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Gear Talk

Sample Images from the Nikon 800mm f/5.6

Gear Talk

I’ve been out testing the Nikon 800mm f/5.6 lens we just got in, and have a few sample images to share. I went out to the Redwood Shores region of the San Francisco Bay Area to shoot the skimmers that show up around here every spring, and got a handful of other birds as well. The full-up review is coming soon, so stay tuned for that. (more…)

The Best Lenses for Night Photography: A Case for Rokinon Primes

Gear Talk

David Kingham is a landscape photographer who focuses (pun intended?) on the night sky. He set out to find the best astrophotography and night photography lenses for their price point. Discover why Rokinon lenses may transform how you shoot.


The Best Lenses for Night Photography

by David Kingham

Prime vs Zoom

What do you want in a lens for night photography? The most important factor is how much light a lens will let in so that we can shoot at lower ISOs– this means apertures of f/2.8 or greater (f/1.4 being preferred). Most zoom lenses only go to f/2.8 and, while they are perfectly okay for night photography, they are not the ultimate lenses to use.

Enter the prime lens! A prime lens is a fixed-focal-length lens that is designed to have much larger apertures. If you have looked into the major manufacturers’ primes (Nikon, Canon, Zeiss) you may be thinking I’m crazy right now because they are expensive (unless, of course, you rent them)! I went on a search for lenses with the ultimate quality-to-price ratio.

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The Poor Man’s Tilt-Shift: Freelensing Your Way to a Specialty Lens

Gear Talk Tips & Tricks

While we’ll never condone the wanton destruction of a lens (especially one of ours), sometimes a little home reverse engineering can do wonders–or at least make for a fun weekend project. This is exactly what photographer Jay Cassario did over at Lightshop. He took a $120 lens and converted into a tilt-shift, saving himself about $1,000. Of course, he could have just rented a tilt-shift lens from us but that is not the point! Read all about Jay’s  (more…)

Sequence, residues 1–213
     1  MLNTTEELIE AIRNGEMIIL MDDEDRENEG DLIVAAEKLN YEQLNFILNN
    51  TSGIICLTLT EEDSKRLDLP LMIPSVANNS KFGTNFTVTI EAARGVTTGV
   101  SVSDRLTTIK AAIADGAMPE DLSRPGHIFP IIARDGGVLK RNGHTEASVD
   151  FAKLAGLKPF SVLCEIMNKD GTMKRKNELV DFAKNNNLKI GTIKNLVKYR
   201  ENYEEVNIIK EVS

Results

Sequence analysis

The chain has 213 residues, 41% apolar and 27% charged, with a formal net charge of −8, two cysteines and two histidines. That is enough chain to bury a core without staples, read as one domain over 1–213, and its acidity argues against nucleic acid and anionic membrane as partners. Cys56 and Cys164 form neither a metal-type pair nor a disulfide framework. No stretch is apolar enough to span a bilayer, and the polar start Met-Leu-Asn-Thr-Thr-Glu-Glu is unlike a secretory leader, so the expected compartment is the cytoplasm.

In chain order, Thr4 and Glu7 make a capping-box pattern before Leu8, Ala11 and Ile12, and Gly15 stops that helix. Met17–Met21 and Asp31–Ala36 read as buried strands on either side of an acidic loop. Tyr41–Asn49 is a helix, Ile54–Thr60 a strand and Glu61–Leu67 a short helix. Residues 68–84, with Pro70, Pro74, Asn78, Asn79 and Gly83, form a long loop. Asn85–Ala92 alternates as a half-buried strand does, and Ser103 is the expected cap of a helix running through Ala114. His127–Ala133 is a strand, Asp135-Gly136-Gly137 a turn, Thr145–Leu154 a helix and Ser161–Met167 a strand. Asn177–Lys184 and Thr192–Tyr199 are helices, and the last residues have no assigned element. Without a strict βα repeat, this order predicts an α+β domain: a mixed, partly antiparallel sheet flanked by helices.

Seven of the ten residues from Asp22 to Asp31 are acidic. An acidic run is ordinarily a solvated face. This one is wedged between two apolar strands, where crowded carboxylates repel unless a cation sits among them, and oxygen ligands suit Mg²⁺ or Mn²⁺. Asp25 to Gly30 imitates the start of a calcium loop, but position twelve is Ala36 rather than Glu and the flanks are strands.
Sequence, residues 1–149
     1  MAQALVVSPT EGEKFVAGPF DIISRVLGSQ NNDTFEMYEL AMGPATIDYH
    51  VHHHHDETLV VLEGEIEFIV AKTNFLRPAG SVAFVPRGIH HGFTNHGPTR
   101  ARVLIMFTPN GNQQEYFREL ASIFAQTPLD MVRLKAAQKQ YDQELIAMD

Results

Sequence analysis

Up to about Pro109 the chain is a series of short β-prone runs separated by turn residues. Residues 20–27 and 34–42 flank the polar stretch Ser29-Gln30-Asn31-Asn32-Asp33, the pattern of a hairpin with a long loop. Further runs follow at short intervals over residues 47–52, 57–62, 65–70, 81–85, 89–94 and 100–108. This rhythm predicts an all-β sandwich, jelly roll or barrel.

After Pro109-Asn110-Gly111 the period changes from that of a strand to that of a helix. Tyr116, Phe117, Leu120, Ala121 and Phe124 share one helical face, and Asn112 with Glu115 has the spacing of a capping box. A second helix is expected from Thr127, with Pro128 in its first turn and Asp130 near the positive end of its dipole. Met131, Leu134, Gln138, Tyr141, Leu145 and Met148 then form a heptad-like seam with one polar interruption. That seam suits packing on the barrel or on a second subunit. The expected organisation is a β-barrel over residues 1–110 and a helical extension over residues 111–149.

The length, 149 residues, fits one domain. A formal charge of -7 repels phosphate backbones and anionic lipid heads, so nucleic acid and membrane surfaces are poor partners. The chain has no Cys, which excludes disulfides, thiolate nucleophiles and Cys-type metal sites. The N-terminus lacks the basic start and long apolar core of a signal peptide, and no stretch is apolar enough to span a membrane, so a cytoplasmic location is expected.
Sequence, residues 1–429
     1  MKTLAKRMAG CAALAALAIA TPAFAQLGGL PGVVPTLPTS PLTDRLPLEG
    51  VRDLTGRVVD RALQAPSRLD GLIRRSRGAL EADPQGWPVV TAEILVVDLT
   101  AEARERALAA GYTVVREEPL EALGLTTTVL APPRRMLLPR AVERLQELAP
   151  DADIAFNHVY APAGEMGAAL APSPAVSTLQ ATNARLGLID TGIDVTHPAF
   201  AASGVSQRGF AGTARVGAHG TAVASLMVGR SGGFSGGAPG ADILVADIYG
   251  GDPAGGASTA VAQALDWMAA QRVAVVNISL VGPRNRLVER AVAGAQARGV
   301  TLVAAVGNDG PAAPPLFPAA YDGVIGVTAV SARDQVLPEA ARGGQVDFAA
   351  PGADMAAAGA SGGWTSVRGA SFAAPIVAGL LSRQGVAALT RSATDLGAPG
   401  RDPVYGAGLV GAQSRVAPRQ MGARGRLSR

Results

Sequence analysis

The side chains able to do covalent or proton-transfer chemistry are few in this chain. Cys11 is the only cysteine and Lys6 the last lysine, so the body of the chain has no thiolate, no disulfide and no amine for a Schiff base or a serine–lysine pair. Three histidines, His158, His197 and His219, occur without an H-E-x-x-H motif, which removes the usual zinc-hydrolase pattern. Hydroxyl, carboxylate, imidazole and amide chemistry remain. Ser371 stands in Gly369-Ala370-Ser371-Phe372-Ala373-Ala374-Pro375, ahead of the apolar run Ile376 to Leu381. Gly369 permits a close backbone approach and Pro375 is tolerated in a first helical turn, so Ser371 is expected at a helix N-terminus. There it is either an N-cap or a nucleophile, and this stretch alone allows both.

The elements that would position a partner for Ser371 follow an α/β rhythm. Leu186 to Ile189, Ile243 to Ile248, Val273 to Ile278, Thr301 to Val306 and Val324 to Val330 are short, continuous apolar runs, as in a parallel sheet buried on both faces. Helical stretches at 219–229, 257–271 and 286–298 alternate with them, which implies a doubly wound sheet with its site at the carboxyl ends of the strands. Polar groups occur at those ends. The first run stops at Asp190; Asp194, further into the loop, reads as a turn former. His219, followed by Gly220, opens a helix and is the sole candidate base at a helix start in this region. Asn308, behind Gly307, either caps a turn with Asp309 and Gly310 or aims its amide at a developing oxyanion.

Playing with Nikon’s Big Guns.

Gear Talk
Nikon D4

Nikon D4

Not so long ago, I did a post about Canon’s new “Big Guns”, the 600mm f/4 II and the 1Dx. We’re now waiting for Nikon’s newest super-tele, the 800mm f/5.6, to ship, but I thought I’d take the newest flagship camera from Nikon out for a spin with the venerable 600mm f/4 that they’ve had out for a while.

 

Nikon 600mm f/4

Nikon 600mm f/4

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BorrowLenses.com Fun at the 2013 NAB Show: Day Three

BL News Gear Talk

BorrowLenses.com is at the 2013 NAB Show in Las Vegas! If you are here, too, please come visit us in booth #C9550! We have great cameras for folks to try out and other surprise goodies, including a chance to win a free rental from us! Not at NAB? That’s ok – take a virtual tour with us below. Here are some of the shots we were able to take during quick breaks. See more here and here.

BorrowLenses.com Fun at the 2013 NAB Show: Day Two

BL News Gear Talk

BorrowLenses.com is at the 2013 NAB Show in Las Vegas! If you are here, too, please come visit us in booth #C9550! We have great cameras for folks to try out and other surprise goodies, including a chance to win a free rental from us!

Not at NAB? That’s ok – take a virtual tour with us below. We’ll be posting pictures and videos all week so be sure to check our blog for more fun footage!

New Zacuto Stabilization Shoulder-Mount Rigs Available to Rent at BorrowLenses.com

Gear Talk

Zacuto makes high-quality, USA-manufactured videography and photography accessories and stabilization rigs for pro-level cameras and DSLRs alike. Shoot like a pro for a fraction of the price! Get familiar with our new kits.